Other factors

Besides the, on average, lower IgG titers and neutralizing capacity amongst those receiving anti-TNFα drugs, 7% of all patients in this group remained seronegative following administration of the first dose. Demographic analysis of the participants revealed that age was the only confounding factor contributing to poor IgG response, besides receiving anti-TNFα drugs, with participants aged over 40 generating a less robust neutralizing antibody titer, as observed in other reports. The seronegative amongst the patients receiving anti-TNFα drugs tended to be older, and the authors state that these patients should be amongst the highest priority for booster vaccinations. The frequency and severity of adverse events were similar amongst all groups, IBS-related symptoms were not exacerbated by the vaccine, and in particular, no cardiac events were reported amongst younger participants, suggesting that it is safe for use by IBS patients.

As the levels of anti-TNFα drugs currently circulating in the bloodstream were also measured, the group was able to assess whether the drugs were actively interfering with the vaccine in situ, or otherwise blunting the immune response in a less direct manner. No correlation between the presently circulating concentration of any anti-TNFα drug and immune response was noted, both before and after each dose of the vaccine, nor was there any difference observed when administering anti-TNFα medication either immediately before or after sera collection. There was also little difference noted between individuals that had only recently begun receiving anti-TNFα medication and those that had already been regularly receiving it for some time. Therefore, the drug itself is unlikely to be interfering with the normal mechanism of the vaccine, but the influence of the drug in degrading the immune response is limiting vaccine efficacy.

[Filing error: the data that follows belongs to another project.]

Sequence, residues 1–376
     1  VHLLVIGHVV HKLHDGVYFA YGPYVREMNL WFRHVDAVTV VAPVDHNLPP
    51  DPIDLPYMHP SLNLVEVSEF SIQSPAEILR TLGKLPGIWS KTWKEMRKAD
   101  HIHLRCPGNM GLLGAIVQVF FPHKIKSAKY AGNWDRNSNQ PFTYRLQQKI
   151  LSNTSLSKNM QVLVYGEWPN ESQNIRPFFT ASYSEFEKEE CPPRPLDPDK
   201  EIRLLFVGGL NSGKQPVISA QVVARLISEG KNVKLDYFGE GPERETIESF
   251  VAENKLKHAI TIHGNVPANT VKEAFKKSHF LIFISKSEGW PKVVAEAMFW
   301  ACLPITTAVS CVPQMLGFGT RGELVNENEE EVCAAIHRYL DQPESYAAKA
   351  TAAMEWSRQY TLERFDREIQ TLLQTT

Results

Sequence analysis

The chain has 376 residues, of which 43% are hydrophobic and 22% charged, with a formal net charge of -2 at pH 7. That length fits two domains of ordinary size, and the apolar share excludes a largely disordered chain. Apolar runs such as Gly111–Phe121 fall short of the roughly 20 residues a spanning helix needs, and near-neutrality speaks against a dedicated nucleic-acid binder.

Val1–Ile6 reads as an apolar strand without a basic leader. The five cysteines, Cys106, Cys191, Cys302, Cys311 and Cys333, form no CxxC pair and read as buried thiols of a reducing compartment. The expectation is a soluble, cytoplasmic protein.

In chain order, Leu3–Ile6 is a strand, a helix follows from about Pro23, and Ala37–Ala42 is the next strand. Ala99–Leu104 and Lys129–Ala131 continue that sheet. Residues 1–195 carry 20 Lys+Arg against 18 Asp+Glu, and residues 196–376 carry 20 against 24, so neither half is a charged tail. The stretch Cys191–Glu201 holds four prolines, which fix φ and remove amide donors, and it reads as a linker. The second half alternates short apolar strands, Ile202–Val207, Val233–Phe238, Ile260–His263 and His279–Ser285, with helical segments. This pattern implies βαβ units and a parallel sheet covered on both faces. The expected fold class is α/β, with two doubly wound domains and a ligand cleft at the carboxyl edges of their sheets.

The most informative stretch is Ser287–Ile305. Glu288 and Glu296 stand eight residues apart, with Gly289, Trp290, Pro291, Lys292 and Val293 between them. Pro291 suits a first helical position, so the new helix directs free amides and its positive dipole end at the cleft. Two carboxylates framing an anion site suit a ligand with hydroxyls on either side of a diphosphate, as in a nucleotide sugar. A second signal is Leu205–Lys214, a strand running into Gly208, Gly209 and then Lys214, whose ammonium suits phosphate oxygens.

This news article was a review of a preliminary scientific report that had not undergone peer-review at the time of publication. Since its initial publication, the scientific report has now been peer reviewed and accepted for publication in a Scientific Journal. Links to the preliminary and peer-reviewed reports are available in the Sources section at the bottom of this article. View Sources

Journal references:

Article Revisions

  • Apr 13 2023 - The preprint preliminary research paper that this article was based upon was accepted for publication in a peer-reviewed Scientific Journal. This article was edited accordingly to include a link to the final peer-reviewed paper, now shown in the sources section.
Michael Greenwood

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Michael Greenwood

Michael graduated from the University of Salford with a Ph.D. in Biochemistry in 2023, and has keen research interests towards nanotechnology and its application to biological systems. Michael has written on a wide range of science communication and news topics within the life sciences and related fields since 2019, and engages extensively with current developments in journal publications.